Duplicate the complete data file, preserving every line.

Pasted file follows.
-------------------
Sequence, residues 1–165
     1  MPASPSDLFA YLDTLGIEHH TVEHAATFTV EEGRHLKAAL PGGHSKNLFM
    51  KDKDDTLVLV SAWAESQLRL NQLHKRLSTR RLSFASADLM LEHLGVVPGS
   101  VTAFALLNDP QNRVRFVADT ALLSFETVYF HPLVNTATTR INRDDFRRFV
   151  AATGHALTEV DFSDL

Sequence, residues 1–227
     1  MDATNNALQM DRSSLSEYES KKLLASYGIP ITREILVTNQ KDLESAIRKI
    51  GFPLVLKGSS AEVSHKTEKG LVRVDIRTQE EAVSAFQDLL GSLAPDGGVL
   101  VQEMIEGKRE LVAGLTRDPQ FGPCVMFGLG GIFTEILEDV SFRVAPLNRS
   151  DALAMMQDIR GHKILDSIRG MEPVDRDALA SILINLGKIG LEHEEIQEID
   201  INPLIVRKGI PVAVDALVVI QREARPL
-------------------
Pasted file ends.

Sequence, residues 1–165
     1  MPASPSDLFA YLDTLGIEHH TVEHAATFTV EEGRHLKAAL PGGHSKNLFM
    51  KDKDDTLVLV SAWAESQLRL NQLHKRLSTR RLSFASADLM LEHLGVVPGS
   101  VTAFALLNDP QNRVRFVADT ALLSFETVYF HPLVNTATTR INRDDFRRFV
   151  AATGHALTEV DFSDL

Sequence, residues 1–227
     1  MDATNNALQM DRSSLSEYES KKLLASYGIP ITREILVTNQ KDLESAIRKI
    51  GFPLVLKGSS AEVSHKTEKG LVRVDIRTQE EAVSAFQDLL GSLAPDGGVL
   101  VQEMIEGKRE LVAGLTRDPQ FGPCVMFGLG GIFTEILEDV SFRVAPLNRS
   151  DALAMMQDIR GHKILDSIRG MEPVDRDALA SILINLGKIG LEHEEIQEID
   201  INPLIVRKGI PVAVDALVVI QREARPL